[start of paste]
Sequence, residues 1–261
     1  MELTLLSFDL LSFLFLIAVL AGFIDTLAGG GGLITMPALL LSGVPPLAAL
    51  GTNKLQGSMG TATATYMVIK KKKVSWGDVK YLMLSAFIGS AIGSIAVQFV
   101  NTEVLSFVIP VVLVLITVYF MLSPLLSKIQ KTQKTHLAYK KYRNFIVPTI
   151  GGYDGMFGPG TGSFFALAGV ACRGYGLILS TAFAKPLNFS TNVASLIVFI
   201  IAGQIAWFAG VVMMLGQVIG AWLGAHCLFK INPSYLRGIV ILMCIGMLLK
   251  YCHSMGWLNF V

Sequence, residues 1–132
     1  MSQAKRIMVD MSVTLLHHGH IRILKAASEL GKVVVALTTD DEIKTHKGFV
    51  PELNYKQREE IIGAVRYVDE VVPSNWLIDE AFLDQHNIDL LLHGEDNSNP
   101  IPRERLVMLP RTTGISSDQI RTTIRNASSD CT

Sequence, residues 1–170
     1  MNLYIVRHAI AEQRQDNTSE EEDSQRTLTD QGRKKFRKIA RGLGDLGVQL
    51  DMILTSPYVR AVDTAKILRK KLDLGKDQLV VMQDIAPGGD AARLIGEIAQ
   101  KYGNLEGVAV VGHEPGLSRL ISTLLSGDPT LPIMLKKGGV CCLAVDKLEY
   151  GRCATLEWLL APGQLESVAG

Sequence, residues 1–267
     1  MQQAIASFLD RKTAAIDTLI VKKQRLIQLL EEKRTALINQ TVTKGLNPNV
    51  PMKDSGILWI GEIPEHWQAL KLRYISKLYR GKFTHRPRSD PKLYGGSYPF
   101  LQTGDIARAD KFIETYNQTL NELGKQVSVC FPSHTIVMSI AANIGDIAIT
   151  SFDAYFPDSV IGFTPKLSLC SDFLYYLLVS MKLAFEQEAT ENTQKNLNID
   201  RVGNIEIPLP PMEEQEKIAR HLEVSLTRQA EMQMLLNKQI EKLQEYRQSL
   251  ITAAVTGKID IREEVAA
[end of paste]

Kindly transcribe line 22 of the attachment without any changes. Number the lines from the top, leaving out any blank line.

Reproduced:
   201  RVGNIEIPLP PMEEQEKIAR HLEVSLTRQA EMQMLLNKQI EKLQEYRQSL